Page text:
“One,” after all, makes you sound stuffy and old-fashioned. “It” is largely reserved for animals. Numerous neologisms have been invented by academics, none of which have found much purchase in popular society. I travel in pretty progressive circles, and I still do a double-take when I see someone use ze, zie, zhe, or any of their variants.

Part of the reason these haven’t caught on is just because we don’t do very well with top-down decrees when it comes to language; you need organic support in the form of natural, day-to-day use. It’s why no man-made language like Esperanto has really caught on across the world, despite how much easier (supposedly) it is to learn. Despite what you might think of 21st century atrocities like “impactful” or “to action” or any sort of text speak, the reason they’re around more and more is because they arose organically from a specific linguistic need, and filled a vacuum. Another example of a language vacuum being filled is the word “cis” to indicate someone who identifies as the same gender as the sex they were assigned at birth. It’s a borrowed term from chemistry that stands in opposition to “trans”, and neatly identifies a component of someone’s gender identity without assigning default or superior value to either identity.

The other big reason these neologisms haven’t caught on could just be because a more organic alternative already exists – “they”. Contrary to what outdated grammarians would have you believe, “they” has been used as a gender neutral third person singular pronoun since about the 15th century. “Don’t use ‘they’ to talk about a single person” is about as relevant as “Don’t end a sentence with a proposition” – both of them hammered into the heads of impressionable students from a young age, neither of them particularly correct. (As Churchill famously said, this is the kind of nonsense up with which I will not put.) Writing style guides for newspapers and universities and other are just now starting to catch up to this, finally allowing “they” as a gender-neutral pronoun to be used in an official capacity.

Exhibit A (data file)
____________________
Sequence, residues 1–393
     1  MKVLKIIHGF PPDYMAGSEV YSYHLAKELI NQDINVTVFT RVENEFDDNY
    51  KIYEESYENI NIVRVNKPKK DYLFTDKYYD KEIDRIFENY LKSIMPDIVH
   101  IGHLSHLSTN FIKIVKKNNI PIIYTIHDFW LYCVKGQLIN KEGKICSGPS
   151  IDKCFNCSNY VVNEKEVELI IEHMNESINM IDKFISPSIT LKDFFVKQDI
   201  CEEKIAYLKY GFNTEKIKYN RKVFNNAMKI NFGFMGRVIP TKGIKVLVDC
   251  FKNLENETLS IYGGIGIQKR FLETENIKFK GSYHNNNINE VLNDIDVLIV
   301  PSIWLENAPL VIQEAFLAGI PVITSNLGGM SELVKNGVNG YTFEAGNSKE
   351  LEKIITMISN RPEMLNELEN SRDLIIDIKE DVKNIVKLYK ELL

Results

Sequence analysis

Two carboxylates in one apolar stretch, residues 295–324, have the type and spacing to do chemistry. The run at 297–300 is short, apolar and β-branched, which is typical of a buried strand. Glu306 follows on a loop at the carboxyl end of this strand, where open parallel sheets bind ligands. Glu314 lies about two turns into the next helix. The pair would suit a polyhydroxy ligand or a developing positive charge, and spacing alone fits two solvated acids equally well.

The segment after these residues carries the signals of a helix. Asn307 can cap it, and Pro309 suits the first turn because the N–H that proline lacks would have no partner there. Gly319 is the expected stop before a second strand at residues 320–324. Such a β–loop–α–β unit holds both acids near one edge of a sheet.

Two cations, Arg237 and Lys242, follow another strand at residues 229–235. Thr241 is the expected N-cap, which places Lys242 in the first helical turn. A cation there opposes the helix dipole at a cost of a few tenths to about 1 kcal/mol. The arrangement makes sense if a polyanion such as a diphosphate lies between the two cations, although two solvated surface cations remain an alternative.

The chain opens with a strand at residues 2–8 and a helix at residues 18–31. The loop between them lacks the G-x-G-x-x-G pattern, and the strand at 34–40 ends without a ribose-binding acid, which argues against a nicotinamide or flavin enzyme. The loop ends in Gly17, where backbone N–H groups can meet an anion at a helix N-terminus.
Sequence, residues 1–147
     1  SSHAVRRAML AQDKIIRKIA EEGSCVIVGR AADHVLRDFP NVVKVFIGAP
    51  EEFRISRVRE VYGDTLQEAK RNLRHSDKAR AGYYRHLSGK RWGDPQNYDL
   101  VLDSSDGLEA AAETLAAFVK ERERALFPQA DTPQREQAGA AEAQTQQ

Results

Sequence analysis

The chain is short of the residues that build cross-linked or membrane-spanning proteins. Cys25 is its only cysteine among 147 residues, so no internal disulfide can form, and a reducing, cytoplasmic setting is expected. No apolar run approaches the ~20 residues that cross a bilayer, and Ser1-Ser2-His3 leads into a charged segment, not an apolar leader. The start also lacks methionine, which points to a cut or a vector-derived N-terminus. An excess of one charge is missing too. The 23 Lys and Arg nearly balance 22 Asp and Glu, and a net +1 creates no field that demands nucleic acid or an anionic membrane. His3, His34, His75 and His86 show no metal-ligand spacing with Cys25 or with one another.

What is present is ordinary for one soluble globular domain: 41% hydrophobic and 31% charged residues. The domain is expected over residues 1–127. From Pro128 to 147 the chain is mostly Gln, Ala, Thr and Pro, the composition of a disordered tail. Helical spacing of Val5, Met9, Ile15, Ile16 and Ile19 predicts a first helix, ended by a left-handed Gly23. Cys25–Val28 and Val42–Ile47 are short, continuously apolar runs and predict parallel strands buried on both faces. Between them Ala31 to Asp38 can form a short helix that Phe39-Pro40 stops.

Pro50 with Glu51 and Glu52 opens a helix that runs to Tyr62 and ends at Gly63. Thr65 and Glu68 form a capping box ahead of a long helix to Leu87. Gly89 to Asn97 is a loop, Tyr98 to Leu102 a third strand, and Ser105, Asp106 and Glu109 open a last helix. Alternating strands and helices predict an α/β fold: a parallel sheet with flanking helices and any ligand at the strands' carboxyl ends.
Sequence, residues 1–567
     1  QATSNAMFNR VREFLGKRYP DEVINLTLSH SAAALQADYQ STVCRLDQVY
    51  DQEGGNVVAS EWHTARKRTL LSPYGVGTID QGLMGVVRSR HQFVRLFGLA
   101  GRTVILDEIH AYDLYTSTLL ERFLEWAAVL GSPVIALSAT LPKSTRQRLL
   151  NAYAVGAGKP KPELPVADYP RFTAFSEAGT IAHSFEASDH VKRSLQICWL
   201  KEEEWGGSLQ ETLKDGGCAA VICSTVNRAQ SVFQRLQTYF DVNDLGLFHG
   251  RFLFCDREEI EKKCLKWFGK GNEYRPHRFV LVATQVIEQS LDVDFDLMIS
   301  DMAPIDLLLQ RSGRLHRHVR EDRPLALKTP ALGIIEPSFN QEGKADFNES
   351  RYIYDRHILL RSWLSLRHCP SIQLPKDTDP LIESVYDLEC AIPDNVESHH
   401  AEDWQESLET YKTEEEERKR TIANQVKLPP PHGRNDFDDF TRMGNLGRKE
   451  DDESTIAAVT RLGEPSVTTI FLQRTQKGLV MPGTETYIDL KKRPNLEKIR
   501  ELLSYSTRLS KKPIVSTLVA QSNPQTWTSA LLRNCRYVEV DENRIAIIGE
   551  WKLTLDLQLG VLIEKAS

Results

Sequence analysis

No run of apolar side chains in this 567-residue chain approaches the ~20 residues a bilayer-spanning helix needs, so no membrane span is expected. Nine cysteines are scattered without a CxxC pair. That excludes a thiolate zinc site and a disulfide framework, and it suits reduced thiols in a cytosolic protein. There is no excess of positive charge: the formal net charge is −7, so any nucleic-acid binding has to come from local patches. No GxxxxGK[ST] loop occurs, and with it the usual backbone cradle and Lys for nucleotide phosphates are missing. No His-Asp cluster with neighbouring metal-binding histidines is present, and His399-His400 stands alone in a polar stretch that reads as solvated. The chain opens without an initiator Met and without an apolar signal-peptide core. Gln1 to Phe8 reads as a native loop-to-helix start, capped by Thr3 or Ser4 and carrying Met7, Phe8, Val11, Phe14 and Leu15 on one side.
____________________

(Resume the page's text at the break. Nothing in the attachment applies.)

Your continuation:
Still, when you use “they”, you’re still conjugating verbs in the plural. It’s “they drink a glass of water”, not “they drinks a glass of water”. It’s still not a perfect solution.

The language we use can empower or marginalize in equal measures. The use of the universal “he” in legal documents have been used as excuses to deny women their legal status, keep them form being able to participate in parliament, or practice certain religious rituals. And even without those stakes, it’s dehumanizing for women to be defacto excluded from the default state of humanity. You can’t have gendered words in a language and use one of those genders to encompass the other without conveying a subtle class difference between the two.

If you doubt this, consider how jarring it would be if you wrote all legal documents with a universal “she” instead. It’s already the standard in some niche subcultures, like designer board game instruction writers. But it’s by no means mainstream or universally accepted.

(Fun fact: Chinese didn’t really have a gendered pronoun until about the 1920, when a female version of the default pronoun was adopted in order to make Chinese seem more like those gender-specific western languages we looked up to so much. The previously gender-neutral pronoun then became standard for ‘male’, even though the components of the logogram use the neutral ‘human’ character.)

I applaud the efforts of the Swedish National Encyclopedia, even as I remain skeptical of its possible effects, given how these things have gone in the past. In Baltimore, high school students have been using “yo” as a gender-neutral pronoun in slang since about 2004, seemingly organically, but even that hasn’t seen much penetration in the rest of the country or the English-speaking world. I have a feeling the move is significant more for its indication of institutional support and its ability to raise awareness about gender issues than its actual impact on language use going forward. Nevertheless, it’s a heartening move, and a sign that maybe our endless efforts to equalize gender relations is getting somewhere after all.

(Now, let’s talk about a second-person plural alternative to “you”. My vote is for “y’all”.)